The Aura of Boxing
6 March - 31 March 2014
The Aura of Boxing is a new photographic study by Max Kandhola, into the aesthetic and moral conflicts of the boxer within the spatial interior of the pugilistic landscape.
Max Kandhola has been documenting boxers and their environment since 1996. This multi-site exhibition* marks the conclusion of the project and the launch of a new major publication on Max's practice by Dewi Lewis Publishing.
Kandhola photographed boxers at different weight divisions, amateur, professional, unknown boxers, contenders, champions and in the pursuit of the odyssey of the boxing journeyman. The Aura of Boxing intertwines between the boxer and their environment, at the peripheral Max followed three established boxers as a point of reference, which provides a legacy and provenance of boxing histories.
Julius Francis, a four-times British Heavyweight and Commonwealth champion, Kandhola first photographed in 2000 just before his fight with Mike Tyson; Howard ‘Clakka’ Clarke who fought at Madison Square Garden for the IBF Light Middleweight Title – he lost, after which his career significantly declined, with Howard winning only one fight out of his next seventy. He retired in 2007; Robert McCracken, who won the British Light Middleweight title in 1994 and the Commonwealth title in 1995 – currently McCracken is Performance Director for the British Olympic team, and personal coach to the current IBF and WBA super-middleweight champion Carl Froch.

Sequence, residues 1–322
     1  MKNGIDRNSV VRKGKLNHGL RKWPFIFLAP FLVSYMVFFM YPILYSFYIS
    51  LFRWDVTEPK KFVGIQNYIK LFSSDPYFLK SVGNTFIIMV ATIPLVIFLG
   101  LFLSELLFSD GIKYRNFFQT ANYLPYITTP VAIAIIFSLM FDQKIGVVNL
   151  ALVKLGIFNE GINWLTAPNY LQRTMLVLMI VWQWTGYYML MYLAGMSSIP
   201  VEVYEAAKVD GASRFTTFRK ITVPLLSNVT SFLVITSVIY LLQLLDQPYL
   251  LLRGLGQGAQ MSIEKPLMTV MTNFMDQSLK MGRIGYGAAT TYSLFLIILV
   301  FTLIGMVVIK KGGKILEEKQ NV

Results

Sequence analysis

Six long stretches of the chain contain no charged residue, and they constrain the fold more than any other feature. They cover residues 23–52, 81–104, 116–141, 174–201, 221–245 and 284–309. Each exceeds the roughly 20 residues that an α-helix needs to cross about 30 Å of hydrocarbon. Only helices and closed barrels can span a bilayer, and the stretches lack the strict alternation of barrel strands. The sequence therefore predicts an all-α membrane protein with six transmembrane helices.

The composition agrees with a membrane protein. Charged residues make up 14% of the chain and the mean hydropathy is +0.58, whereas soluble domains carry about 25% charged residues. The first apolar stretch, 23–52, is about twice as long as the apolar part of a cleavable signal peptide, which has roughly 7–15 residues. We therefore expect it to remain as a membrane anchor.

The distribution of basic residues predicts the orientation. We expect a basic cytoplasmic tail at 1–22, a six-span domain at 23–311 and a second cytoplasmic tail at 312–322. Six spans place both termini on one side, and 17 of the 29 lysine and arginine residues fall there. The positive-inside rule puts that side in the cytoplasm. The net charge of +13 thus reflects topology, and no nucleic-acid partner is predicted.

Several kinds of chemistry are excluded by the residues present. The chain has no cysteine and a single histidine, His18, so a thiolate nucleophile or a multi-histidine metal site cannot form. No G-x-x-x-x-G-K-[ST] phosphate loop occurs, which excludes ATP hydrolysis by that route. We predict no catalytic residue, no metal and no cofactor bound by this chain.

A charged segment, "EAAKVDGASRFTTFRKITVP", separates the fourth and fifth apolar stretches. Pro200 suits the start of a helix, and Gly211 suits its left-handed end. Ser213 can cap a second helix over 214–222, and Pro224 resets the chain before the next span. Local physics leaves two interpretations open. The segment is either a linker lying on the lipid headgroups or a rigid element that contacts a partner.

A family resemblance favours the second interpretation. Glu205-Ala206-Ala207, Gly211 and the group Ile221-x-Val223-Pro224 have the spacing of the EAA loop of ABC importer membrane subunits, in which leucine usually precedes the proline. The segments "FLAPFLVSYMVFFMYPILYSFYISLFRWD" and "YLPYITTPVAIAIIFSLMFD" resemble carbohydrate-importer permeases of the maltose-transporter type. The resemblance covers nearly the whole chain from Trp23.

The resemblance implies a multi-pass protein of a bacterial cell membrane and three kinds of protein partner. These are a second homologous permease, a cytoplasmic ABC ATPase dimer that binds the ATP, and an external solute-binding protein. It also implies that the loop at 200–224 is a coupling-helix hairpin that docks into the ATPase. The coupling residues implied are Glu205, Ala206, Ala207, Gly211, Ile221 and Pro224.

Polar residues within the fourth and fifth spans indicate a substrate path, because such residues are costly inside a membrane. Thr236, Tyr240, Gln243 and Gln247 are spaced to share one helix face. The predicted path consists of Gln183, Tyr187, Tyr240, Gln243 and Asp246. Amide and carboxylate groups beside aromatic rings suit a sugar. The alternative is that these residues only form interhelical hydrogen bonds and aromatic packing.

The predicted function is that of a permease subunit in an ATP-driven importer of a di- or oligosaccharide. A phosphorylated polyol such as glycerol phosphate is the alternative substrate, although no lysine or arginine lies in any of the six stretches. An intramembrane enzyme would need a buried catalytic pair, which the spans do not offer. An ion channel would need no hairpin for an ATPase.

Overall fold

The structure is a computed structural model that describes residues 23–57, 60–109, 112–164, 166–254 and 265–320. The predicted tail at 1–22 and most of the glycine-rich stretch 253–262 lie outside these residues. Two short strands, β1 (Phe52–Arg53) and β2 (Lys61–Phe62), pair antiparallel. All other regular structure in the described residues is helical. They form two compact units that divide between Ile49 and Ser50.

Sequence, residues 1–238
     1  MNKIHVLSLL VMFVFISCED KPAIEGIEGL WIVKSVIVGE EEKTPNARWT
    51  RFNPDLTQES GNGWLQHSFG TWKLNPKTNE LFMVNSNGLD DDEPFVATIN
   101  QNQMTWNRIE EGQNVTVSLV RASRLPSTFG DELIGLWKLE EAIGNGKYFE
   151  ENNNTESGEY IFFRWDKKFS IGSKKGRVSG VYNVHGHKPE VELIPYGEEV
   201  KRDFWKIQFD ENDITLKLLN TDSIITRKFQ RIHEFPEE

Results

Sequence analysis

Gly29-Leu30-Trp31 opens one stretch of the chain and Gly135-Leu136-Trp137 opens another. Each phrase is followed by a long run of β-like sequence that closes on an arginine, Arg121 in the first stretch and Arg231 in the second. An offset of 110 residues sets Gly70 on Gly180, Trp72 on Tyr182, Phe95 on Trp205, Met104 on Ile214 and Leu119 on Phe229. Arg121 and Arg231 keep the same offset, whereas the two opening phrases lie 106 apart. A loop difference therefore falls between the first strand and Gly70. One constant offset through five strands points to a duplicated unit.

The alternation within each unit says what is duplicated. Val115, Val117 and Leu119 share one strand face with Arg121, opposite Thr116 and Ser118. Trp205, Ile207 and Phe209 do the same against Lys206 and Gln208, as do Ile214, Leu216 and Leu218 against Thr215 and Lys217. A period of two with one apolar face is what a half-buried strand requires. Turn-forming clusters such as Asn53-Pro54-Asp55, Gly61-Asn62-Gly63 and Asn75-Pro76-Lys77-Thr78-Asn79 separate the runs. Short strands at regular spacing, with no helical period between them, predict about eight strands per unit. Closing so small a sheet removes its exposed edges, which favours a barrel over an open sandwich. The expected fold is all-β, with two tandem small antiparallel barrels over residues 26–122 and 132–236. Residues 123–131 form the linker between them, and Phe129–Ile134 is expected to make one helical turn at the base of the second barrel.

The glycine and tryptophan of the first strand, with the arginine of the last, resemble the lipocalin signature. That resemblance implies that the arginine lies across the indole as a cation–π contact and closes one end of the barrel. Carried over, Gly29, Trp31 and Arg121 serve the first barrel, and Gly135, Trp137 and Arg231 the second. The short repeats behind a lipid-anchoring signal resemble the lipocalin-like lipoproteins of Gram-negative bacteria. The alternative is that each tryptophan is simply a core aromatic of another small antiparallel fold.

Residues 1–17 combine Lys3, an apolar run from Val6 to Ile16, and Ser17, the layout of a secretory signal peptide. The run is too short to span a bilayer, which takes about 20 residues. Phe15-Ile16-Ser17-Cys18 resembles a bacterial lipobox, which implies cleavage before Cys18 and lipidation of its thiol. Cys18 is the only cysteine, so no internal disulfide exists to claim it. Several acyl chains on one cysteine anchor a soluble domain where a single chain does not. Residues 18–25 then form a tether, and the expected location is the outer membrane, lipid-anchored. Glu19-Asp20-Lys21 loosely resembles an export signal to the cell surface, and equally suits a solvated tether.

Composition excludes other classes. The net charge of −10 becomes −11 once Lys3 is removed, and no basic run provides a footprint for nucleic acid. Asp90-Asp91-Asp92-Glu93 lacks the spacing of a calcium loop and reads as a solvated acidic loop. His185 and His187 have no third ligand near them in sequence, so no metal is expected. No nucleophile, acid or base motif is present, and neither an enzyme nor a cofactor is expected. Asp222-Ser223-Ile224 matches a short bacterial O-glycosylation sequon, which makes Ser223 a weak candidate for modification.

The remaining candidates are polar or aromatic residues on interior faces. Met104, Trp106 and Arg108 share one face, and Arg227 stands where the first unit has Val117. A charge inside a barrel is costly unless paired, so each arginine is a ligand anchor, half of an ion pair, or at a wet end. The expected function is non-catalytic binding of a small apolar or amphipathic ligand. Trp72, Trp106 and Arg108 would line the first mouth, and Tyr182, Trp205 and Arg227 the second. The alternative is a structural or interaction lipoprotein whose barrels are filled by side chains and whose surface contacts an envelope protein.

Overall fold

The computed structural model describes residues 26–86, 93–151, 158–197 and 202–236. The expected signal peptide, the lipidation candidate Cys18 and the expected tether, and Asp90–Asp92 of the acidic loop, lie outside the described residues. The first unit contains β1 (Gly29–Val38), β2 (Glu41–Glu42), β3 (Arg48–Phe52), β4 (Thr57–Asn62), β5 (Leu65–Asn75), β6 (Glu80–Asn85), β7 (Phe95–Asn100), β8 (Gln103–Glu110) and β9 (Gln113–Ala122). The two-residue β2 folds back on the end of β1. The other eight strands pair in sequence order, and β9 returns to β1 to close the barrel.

The Aura of Boxing encapsulates Max's ability to research through the act of photography, using his camera as a means to explore and unveil the depths of life. In this collection the explicit representation of the traditional 'fight' is avoided; instead Max explores conflicts within the fighter. Kandhola focuses on the ring and the gym as spaces for preparation and meditation in an attempt to capture the boxers' aura in these moments of psychological intensity; the moments shortly before entering the ring and after leaving it, during which the boxer truly is vulnerable and yet often unnoticed.
Using boxing as a metaphor, Kandhola's research reflects upon the psychological gesture of performance in the sport, and the ritual of the individual boxers. In addition, the work documents the attempted flight from inner-city poverty that is common to many young boxers. Exploring how these athletes have been cocooned by the social pressures of the inner-city, Kandhola's work reveals the impact and presence of mind that manifests within this urban landscape, reflecting the politics of class and clan.
*Aura of Boxing will be launched at three venues in 2014. In addition to this show at Rich Mix, two other distinct exhibitions will be presented at New Art Exchange and Quad's Chocolate Factory. The research and development of Aura of Boxing has been made possible with generous support from Nottingham Trent University.